ALL the other member-states who have indulged British Prime Minister David Cameron by giving him a deal he feels he can take with confidence to his nation’s voters on June 23rd next for the promised in/out referendum on membership of the European Union will now contend that there should be something out of it for them also, given the ‘special status’ he claims he has achieved for Britain.
The common goal of the EU members-states, which is especially vital for Ireland, was to give Mr Cameron a deal that they could live with and that he could use to persuade British voters that it is worth their while staying in the Union. Promising this ‘Brexit’ referendum in advance of last year’s British general election played a key part in assuaging the large cohort of euro-sceptics within the ranks of his own Conservative Party and also contributed to its unexpected electoral success in achieving an overall majority, albeit a very narrow one.
The deal got over the line thanks to a last-minute concession by EU leaders that Britain could opt out from further EU political integration, giving Cameron the vital assertion of Britain’s sovereignty he needed to try to appease his critics. As he said afterwards, he is happy that ‘Britain will never be part of a European superstate.’
Having promised, on getting back into office last May, to hold the EU referendum by the end of 2017, the British Prime Minister is a year and a half ahead of schedule with it, which probably means it is like a monkey he wants to get off his back as quickly as possible. Cameron will be recommending that the reform agreement he achieved last weekend is good enough to justify Britain’s continued membership of the EU and he will be actively campaigning for this, but he won’t have it all is own way.
Already, the baying of the euro-sceptics panning the deal has started, with five of his own cabinet ministers and the Mayor of London campaigning for a ‘Brexit,’ and the opposition will be getting louder as June approaches. As it is so much in Ireland’s interest that our main trading partner remains in the EU, our incoming government will need to do some work on encouraging the significant Irish diaspora in the UK to get out and vote for Britain staying in the Union.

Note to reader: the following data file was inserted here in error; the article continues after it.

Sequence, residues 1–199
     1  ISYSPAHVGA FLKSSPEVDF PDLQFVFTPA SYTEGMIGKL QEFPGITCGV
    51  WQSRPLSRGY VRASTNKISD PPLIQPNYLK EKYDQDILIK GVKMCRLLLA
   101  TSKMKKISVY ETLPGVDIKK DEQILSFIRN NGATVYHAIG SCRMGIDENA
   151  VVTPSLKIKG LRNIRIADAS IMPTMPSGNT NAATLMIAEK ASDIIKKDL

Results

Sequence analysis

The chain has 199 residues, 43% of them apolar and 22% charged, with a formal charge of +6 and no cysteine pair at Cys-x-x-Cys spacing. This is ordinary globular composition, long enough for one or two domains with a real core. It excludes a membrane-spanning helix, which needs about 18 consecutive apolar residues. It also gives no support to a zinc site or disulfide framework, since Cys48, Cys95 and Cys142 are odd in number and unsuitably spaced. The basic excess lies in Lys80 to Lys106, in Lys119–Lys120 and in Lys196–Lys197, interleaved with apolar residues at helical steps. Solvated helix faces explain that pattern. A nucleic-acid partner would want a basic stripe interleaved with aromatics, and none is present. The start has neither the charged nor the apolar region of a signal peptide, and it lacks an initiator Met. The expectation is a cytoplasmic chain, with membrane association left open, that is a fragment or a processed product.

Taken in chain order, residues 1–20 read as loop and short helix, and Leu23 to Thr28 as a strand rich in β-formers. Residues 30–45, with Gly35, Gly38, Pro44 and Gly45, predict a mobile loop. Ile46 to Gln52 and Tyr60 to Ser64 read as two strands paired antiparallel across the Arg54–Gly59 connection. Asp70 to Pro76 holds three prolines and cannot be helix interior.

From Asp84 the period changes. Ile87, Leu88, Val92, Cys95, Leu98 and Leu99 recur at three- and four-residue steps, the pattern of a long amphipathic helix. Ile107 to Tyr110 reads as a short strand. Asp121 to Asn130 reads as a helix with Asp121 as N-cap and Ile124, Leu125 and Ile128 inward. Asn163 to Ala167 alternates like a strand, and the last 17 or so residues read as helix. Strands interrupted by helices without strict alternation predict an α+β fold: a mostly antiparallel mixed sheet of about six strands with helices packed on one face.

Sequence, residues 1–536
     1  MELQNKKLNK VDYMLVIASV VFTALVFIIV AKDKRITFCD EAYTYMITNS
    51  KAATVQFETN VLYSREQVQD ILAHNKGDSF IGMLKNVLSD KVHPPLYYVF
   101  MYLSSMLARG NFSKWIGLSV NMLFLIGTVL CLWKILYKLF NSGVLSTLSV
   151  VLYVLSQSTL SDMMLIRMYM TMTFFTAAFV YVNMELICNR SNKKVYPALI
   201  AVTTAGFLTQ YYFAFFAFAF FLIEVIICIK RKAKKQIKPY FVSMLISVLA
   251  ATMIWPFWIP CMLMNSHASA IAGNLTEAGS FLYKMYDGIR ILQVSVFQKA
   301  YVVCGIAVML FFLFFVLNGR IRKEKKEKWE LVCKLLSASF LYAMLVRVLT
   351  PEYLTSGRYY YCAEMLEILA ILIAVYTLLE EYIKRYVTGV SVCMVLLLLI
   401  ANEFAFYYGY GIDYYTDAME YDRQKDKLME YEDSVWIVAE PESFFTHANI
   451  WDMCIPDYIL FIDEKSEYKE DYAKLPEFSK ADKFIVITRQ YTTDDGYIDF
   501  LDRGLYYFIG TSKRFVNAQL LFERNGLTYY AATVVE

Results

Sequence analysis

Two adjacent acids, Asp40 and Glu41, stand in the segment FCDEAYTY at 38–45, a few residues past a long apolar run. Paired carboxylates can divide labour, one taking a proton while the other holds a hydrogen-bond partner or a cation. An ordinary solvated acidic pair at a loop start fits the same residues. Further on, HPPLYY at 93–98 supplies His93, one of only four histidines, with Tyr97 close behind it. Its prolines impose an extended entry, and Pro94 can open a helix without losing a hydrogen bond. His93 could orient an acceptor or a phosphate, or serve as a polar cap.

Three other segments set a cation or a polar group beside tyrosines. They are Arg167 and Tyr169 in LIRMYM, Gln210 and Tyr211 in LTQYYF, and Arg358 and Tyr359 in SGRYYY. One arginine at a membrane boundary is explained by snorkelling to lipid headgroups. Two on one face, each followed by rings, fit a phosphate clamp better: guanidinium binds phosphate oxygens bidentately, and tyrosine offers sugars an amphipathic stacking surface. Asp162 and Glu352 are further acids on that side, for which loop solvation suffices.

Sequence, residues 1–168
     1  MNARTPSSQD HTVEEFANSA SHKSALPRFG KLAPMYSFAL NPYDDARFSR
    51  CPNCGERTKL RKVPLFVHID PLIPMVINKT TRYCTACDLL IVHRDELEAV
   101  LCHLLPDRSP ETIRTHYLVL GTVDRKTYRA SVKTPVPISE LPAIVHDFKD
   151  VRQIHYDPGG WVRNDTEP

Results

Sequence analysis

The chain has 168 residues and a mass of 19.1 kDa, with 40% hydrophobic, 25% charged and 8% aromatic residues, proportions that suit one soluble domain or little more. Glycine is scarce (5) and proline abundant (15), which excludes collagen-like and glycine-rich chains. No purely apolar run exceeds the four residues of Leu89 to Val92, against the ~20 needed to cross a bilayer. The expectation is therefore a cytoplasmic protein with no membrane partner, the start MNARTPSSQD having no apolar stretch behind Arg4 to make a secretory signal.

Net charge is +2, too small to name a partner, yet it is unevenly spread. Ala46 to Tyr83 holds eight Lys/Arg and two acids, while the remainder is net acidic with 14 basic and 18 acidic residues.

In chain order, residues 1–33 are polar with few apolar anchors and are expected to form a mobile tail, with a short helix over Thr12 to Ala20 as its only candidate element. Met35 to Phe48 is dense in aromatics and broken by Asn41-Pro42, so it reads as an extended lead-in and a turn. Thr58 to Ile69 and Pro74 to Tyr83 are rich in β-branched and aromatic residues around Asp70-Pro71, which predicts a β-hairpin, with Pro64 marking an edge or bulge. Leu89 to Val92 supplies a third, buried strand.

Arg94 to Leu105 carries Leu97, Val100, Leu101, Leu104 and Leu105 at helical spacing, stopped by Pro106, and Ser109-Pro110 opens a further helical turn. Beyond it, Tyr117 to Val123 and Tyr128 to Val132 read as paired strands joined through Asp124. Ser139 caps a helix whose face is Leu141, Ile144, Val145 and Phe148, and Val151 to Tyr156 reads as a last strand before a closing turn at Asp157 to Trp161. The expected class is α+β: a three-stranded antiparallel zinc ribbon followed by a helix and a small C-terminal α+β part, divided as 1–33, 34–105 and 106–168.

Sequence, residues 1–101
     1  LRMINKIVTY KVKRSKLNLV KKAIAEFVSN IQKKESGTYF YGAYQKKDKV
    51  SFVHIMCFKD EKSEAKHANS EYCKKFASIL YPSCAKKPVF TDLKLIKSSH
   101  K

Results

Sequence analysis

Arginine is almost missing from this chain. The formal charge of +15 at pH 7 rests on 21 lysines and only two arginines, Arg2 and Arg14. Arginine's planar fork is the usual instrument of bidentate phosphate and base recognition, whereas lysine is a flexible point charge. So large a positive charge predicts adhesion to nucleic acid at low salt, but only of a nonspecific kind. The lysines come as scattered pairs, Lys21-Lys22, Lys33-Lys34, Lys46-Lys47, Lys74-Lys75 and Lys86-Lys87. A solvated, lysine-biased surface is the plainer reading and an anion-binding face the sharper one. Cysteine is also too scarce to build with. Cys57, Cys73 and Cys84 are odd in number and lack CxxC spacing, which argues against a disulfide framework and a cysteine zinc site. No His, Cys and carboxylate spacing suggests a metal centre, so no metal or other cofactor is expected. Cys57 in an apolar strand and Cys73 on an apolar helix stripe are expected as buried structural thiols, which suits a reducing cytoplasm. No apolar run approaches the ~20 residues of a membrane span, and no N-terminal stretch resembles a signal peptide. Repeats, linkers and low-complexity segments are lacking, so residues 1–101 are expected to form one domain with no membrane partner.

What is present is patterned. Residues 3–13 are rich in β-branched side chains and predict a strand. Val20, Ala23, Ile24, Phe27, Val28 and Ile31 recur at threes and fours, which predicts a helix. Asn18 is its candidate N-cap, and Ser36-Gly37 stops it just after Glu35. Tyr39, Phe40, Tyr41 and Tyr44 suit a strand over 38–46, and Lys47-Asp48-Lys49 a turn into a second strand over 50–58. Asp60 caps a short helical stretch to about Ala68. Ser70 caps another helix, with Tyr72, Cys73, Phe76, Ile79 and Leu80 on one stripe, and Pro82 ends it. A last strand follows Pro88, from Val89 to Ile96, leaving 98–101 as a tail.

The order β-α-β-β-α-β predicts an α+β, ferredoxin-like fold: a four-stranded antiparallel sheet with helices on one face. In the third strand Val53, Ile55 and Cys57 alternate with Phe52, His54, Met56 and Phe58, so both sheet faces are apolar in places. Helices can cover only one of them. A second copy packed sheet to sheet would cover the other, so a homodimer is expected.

They can do this confident in the knowledge that Irish people there won’t be affected by the reduction of welfare benefits for migrants from other EU countries living in the UK and, for future Irish emigrants, our government can invoke an EU Treaty protocol to exempt them from such cuts under the Common Travel Area agreement that exists between the UK and Ireland. Britain is being allowed to index the level of child benefits paid to new migrants in respect of children living overseas, relative to the different standards of living in the countries they reside in, and this may also be applied across the other member-states, which Ireland would also benefit from.
Britain’s perceived special treatment may irk some countries, but it may well be the key to avoiding the ‘Brexit’ that David Cameron declared would be ‘a leap in the dark,’ unless of course the euro-sceptics prevail in next summer’s referendum. That would create an unwelcome new dynamic that Ireland and the EU probably don’t even want to contemplate at this point in time, but should prepare for just in case.